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Opioid Withdrawal


Opioid withdrawal is a group of symptoms that occur when you suddenly decrease or stop taking opioids. Opioids include medicines to control pain, such as morphine and codeine, and illegal drugs, such as heroin. Withdrawal symptoms occur if you are physically dependent on opioids. Dependence means that your body gets used to how much medicine you take. This happens after you have used opioids regularly for a long time. Addiction means that a person uses opioids to get high instead of using them to control pain.


Informed consent

is a legal document that explains the tests, treatments, or procedures that you may need. Informed consent means you understand what will be done and can make decisions about what you want. You give your permission when you sign the consent form. You can have someone sign this form for you if you are not able to sign it. You have the right to understand your medical care in words you know. Before you sign the consent form, understand the risks and benefits of what will be done. Make sure all your questions are answered.


  • Opioid medicine may still be needed if you have chronic pain. Your healthcare provider will tell you if you need to continue taking an opioid and explain how you should take it.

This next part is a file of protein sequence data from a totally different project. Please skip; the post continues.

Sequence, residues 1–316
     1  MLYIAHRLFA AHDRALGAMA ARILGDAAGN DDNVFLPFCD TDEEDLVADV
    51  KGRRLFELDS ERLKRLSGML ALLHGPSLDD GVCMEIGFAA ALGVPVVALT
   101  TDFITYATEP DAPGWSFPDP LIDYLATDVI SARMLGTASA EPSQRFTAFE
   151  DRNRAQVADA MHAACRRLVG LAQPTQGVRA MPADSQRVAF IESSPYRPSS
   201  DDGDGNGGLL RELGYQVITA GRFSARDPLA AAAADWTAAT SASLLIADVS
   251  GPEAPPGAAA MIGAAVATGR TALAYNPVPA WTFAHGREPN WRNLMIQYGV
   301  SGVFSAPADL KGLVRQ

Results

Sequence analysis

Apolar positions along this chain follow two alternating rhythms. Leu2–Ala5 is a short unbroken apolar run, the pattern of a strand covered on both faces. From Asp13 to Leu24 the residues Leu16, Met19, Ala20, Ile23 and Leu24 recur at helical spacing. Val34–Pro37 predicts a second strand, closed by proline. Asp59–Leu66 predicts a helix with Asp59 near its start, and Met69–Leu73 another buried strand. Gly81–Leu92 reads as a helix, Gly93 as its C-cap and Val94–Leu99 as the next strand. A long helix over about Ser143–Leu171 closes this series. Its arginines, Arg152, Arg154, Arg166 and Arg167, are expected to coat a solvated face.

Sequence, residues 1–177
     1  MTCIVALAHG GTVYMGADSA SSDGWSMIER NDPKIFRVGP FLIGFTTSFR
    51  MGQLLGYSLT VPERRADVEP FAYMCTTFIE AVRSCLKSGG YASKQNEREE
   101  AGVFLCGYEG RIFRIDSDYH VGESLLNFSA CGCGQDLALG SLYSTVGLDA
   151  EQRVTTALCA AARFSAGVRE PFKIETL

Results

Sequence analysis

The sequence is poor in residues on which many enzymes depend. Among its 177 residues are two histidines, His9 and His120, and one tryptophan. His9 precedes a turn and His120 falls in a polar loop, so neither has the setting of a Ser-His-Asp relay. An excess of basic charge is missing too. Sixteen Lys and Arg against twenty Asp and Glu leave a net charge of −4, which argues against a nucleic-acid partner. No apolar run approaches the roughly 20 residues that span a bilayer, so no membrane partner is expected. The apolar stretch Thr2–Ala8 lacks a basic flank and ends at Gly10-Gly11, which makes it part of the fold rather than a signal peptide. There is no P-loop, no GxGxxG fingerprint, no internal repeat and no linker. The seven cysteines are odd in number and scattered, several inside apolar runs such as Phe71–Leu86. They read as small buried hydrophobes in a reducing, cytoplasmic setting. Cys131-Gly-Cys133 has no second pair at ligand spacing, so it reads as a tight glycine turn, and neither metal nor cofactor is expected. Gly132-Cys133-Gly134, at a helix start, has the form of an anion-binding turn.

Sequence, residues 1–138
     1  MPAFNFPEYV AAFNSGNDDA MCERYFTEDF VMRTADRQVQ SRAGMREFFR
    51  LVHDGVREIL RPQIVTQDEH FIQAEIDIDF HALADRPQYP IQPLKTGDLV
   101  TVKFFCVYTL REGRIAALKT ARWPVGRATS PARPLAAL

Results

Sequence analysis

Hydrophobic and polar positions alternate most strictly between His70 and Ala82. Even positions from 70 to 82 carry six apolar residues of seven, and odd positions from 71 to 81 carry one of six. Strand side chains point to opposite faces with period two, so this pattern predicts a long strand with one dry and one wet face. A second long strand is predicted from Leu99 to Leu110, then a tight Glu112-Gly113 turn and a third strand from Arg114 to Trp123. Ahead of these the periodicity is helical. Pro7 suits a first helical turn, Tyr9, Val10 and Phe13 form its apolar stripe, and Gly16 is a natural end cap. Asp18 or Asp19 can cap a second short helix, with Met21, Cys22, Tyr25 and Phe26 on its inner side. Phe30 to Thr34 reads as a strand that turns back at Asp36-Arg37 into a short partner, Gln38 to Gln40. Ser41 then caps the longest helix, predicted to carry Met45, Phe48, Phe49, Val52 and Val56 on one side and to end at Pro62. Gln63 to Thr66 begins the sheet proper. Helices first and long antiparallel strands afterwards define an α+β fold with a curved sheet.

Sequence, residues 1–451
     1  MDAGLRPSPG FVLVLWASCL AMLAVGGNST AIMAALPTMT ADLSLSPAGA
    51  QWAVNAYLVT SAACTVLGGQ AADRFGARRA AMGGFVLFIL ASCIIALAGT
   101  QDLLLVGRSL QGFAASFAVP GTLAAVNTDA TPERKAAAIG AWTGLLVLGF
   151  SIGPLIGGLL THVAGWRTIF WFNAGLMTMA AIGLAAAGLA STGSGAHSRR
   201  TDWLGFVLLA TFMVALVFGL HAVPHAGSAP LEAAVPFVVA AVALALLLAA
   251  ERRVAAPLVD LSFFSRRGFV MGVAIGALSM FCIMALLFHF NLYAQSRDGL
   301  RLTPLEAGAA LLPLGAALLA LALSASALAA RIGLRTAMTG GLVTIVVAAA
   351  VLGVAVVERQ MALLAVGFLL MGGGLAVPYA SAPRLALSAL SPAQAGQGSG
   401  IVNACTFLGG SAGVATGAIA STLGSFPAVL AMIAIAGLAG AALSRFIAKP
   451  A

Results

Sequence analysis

• NSAIDs decrease pain and fever.
  • Blood pressure medicine decreases symptoms of withdrawal, such as nausea, vomiting, muscle tension, and anxiety.
  • Antianxiety medicine decreases anxiety and helps you feel calm and relaxed.
  • Antinausea medicine helps calm your stomach and prevent vomiting.


  • Urine tests may be done to check the amount and type of opioids you are using.
  • Blood tests give healthcare providers information about how your body is working. The blood may be taken from your hand, arm, or IV.


  • Detoxification is the process of slowly decreasing your dose of opioids. You will also be given medicine to decrease your withdrawal symptoms.
  • Maintenance therapy is when your healthcare provider prescribes another type of opioid to replace the opioid that you are dependent on.
  • Psychological counseling and support may be provided to you if you are dependent on opioids. Healthcare providers will speak with you about your opioid use. They may also help you find resources for any daily living needs you have, such as housing or employment.


Opioid withdrawal may be uncomfortable, but it is not life-threatening.


You have the right to help plan your care. Learn about your health condition and how it may be treated. Discuss treatment options with your caregivers to decide what care you want to receive. You always have the right to refuse treatment.

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The above information is an educational aid only. It is not intended as medical advice for individual conditions or treatments. Talk to your doctor, nurse or pharmacist before following any medical regimen to see if it is safe and effective for you.